Updated Result
09/12/2007 (Mw 7.9) , Central Sumatra Earthquake

A. Ozgun Konca and Anthony Sladen, Caltech

Location of Epicenter

Amount of Slip on Fault

View in Google Earth (requires Google Earth)

Colors show the amount of slip on diferent sections of the fault zone. Two views are shown (either view can be de-selected on the Google Earth sidebar):

  1. Circles show a 3-D map of the fault. (The fault map has been raised above the Earth's surface. Click on a circle to get the depth of that fault segment.)

  2. Image shows the projection of the fault onto the Earth's surface.

DATA Process and Inversion

This is an update of our preliminary analysis based on the results published in Konca et al. (2008). The source model is obtained by joint inversion of 27 GPS measurements at stations of the SUGAR network, and 36 teleseismic body waveforms (19 P and 17 SH). The location of the epicenter (Lon.=100.5° Lat.=-2.75°) was moved from the original USGS position to be compatible with the geodetic data. This event follows a Mw=8.4 earthquake which occurred 12 hours before.



Cross-section of slip distribution

Figure: The big black arrow shows the fault's strike. The colors show the slip amplitude and white arrows indicate the direction of motion of the hanging wall relative to the footwall. Contours show the rupture initiation time and the red star indicates the hypocenter location.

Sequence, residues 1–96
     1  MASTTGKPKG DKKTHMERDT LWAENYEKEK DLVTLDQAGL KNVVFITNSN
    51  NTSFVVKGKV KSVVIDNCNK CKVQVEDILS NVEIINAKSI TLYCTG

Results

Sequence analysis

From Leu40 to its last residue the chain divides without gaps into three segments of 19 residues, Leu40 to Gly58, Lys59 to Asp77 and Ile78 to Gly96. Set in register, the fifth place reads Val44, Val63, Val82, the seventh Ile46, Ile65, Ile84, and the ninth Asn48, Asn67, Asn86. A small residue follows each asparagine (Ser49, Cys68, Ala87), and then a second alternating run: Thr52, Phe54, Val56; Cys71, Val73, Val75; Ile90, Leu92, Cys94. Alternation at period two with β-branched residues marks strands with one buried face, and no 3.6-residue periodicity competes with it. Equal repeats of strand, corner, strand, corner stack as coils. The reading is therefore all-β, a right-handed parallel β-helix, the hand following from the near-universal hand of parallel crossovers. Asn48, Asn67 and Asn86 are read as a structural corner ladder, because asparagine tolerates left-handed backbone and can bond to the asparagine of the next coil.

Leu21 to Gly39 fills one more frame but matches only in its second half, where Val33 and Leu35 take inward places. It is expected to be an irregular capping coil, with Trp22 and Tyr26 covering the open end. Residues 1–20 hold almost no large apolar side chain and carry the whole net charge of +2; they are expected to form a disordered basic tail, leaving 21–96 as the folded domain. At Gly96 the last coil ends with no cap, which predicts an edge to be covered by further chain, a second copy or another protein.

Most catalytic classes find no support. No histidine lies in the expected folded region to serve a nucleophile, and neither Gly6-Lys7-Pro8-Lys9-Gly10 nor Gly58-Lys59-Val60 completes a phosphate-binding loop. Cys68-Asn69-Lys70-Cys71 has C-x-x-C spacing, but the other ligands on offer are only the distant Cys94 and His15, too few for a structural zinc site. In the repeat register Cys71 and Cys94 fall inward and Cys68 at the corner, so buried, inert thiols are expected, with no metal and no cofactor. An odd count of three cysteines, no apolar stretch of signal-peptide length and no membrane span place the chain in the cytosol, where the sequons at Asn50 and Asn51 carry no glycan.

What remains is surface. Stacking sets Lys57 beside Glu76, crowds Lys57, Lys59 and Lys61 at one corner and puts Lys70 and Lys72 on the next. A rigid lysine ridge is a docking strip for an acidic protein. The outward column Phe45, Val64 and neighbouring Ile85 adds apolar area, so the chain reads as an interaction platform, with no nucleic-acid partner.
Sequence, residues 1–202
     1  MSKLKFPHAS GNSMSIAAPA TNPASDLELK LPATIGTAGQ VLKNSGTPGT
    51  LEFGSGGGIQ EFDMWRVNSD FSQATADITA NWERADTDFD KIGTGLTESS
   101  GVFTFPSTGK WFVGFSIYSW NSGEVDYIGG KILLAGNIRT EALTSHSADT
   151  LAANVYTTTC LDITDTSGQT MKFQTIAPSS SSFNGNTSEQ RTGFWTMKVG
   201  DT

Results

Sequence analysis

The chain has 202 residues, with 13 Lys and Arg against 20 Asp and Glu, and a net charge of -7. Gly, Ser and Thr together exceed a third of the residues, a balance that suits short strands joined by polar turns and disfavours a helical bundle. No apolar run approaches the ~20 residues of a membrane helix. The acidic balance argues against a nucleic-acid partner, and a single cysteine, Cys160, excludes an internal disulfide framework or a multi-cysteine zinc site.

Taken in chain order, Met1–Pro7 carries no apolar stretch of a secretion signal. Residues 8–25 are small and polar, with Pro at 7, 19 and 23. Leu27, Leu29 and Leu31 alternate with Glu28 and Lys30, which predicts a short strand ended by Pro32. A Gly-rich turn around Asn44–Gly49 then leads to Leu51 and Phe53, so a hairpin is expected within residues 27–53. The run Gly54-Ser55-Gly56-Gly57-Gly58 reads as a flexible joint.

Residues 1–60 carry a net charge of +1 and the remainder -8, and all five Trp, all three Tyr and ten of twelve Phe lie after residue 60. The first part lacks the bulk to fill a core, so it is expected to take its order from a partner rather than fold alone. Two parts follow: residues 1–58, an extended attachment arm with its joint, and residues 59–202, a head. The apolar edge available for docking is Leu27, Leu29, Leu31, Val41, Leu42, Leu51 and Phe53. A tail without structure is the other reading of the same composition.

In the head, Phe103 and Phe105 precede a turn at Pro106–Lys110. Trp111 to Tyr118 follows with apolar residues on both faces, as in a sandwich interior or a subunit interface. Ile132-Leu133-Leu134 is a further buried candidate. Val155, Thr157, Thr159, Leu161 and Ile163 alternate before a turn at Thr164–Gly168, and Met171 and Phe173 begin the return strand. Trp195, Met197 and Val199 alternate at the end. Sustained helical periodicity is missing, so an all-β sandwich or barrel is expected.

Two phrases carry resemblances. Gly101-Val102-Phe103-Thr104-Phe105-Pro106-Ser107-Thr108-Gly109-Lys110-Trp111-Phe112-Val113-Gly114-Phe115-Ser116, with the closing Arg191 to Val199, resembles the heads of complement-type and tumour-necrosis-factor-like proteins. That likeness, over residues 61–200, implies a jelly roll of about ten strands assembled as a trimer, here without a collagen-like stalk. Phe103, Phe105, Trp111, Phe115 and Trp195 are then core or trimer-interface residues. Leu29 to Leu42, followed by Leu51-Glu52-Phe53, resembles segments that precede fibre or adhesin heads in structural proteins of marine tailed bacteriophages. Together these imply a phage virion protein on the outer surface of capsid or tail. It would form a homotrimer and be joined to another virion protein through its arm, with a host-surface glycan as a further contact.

Comparison of data and synthetic seismograms

Figure: The Data are shown in black and the synthetic seismograms are plotted in red. Both data and synthetic seismograms are aligned on the P arrivals. The number at the end of each trace is the peak amplitude of the observation in micro-meter. The number above the beginning of each trace is the source azimuth and below it is the epicentral distance.

Map view of the slip distribution

Figure: Surface projection of the slip distribution and fit of the GPS data. The model GPS vectors (red arrows for vertical and green arrows for horizontal) are plotted on top the measured GPS vectors (black arrows). The epicenter corresponds to the red star on the fault plane, while the red star futher south corresponds to the epicenter of the Mw=8.4 earthquake which occurred 12 hours before.


(Slip Distribution)


Bassin, C., Laske, G. and Masters, G., The Current Limits of Resolution for Surface Wave Tomography in North America, EOS Trans AGU, 81, F897, 2000.

Ji, C., D.J. Wald, and D.V. Helmberger, Source description of the 1999 Hector Mine, California earthquake; Part I: Wavelet domain inversion theory and resolution analysis, Bull. Seism. Soc. Am., Vol 92, No. 4. pp. 1192-1207, 2002.

Konca, A. O., J-P. Avouac, A. Sladen, A. J. Meltzner, K. Sieh, P. Fang, Z. Li, J. Galetzka, J. Genrich, M. Chlieh, D. H. Natawidjaja, Y. Bock, E. Fielding, C. Ji, and D. V. Helmberger, Partial rupture of a locked patch of the Sumatra megathrust during the 2007 earthquake sequence, Nature, 456, 631-635, 4 Dec 2008, doi:10.1038/nature07572.

GCMT project: http://www.globalcmt.org/

USGS National Earthquake Information Center: http://neic.usgs.gov

Global Seismographic Network (GSN) is a cooperative scientific facility operated jointly by the Incorporated Research Institutions for Seismology (IRIS), the United States Geological Survey (USGS), and the National Science Foundation (NSF).

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